Spinal Cord Injury Books

Access for Disabled Americans: A Guide for the Wheelchair Traveler, by Patricia Smither

A step-by-step guide for planning a vacation for someone who uses a wheelchair. It discusses accessibility information on air travel, cruises, ground transportation and selecting a hotel. It includes questions to ask and solutions to problems that may arise.

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Choosing a Wheelchair: A Guide for Optimal Independence, by Gary Karp

This is a guide to the selection process when choosing and purchasing a wheelchair. It describes the advantages and disadvantages of manual and power wheelchairs, types of cushions, seats, backs, and foot/armrests.

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Don't Worry He Won't Get Far on Foot, by John Callahan

Written by a nationally known cartoonist who was paralyzed in an auto accident. It reveals the tragic, inspiring and sometimes hilarious life of a quadriplegic. It is an uncensored account of Callahan's troubled and sometimes impossible life and is genuinely inspiring.

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Life on Wheels: The A to Z Guide to Living Fully with Mobility Issues, by Gary Karp

Written by a paraplegic, this author discusses medical issues of spinal cord injury, day to day living issues such as keeping fit, bowel and bladder care, sexuality, psychological and social issues. This book offers practical ways to adapt and optimize quality of life for those using a wheelchair.

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Moving Violations: War Zones, Wheelchairs, Declarations of Independence, by John Hockenberry

Written by a paraplegic who is a journalist and ABC correspondent, this author describes his experiences as a wheelchair user and unmasks the fear and ignorance underlying discrimination against the disabled. His stories describe the challenges he faces when traveling in the US and abroad.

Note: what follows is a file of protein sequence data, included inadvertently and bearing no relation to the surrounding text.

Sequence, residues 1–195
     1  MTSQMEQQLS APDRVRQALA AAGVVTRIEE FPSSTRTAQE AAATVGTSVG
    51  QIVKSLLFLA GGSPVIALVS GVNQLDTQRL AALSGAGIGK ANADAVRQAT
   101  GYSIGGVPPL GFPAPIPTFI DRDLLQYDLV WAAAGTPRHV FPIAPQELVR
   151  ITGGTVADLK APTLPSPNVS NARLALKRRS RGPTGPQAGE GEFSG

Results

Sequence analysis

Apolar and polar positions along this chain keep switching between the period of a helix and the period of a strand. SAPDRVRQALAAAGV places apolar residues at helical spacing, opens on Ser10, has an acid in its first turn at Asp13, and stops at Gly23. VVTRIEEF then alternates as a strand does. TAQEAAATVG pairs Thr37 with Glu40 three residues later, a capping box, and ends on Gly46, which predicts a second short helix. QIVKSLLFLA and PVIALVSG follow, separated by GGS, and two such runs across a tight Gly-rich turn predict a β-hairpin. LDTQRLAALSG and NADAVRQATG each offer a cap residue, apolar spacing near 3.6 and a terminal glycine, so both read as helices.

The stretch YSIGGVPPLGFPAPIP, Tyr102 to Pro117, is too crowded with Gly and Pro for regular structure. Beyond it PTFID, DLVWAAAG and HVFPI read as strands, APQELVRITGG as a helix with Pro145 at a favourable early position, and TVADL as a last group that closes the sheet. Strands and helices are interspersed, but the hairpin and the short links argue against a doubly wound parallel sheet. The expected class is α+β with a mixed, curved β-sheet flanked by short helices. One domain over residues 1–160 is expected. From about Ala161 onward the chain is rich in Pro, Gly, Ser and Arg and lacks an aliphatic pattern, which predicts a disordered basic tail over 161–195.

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Sexuality After Spinal Cord Injury: Answers to Your Questions, by Stanley Ducharme PhD and Kathleen Gill PhD

This handbook discusses practical information regarding spinal cord injury and sexuality while acknowledging different lifestyles, values and orientations.

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Spinal Cord Injury: Functional Rehabilitation, by Martha Freeman Somers

This book provides a comprehensive look at rehabilitation of spinal cord injury. It contains brad knowledge relevant to SCI and develops an understanding of both physical skills required for functional activities and therapeutic strategies for achieving these skills.

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Spinal Network, by Sam Maddox

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Still Me, by Christopher Reeve

A heartbreaking, funny and hopeful story of the author's life after suffering a spinal cord injury from a horse riding accident. It describes the journey he has made, physically, emotionally, spiritually and explores his complex relationship with his parents, and his efforts to remain a devoted husband and father.

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Nothing is Impossible: Reflections on a New Life, by Christopher Reeve

This is a sequel to Still Me , and is a concise account of his experiences living with a spinal cord injury. It discusses aspects of successful living with humor, faith and hope, and some major life issues such as parenting, religion and recovery.

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The Dive From Clausen's Pier, by Ann Packer

This is a fictional story about a woman whose boyfriend has a spinal cord injury from a diving accident and how she copes with the changes. It is relevant for anyone dealing with a catastrophic change in their life as it is a sympathetic look at a woman who initially is unable to deal with this major life-changing event and the process by which she eventually comes to a better understanding of life.

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The Diving Bell and the Butterfly, by Jean-Dominique Bauby

Written by a former editor-in-chief of Elle magazine who suffered a rare stroke to the brain stem, which resulted in locked-in syndrome. He was only able to move his left eye, which he has learned to use to communicate with others.

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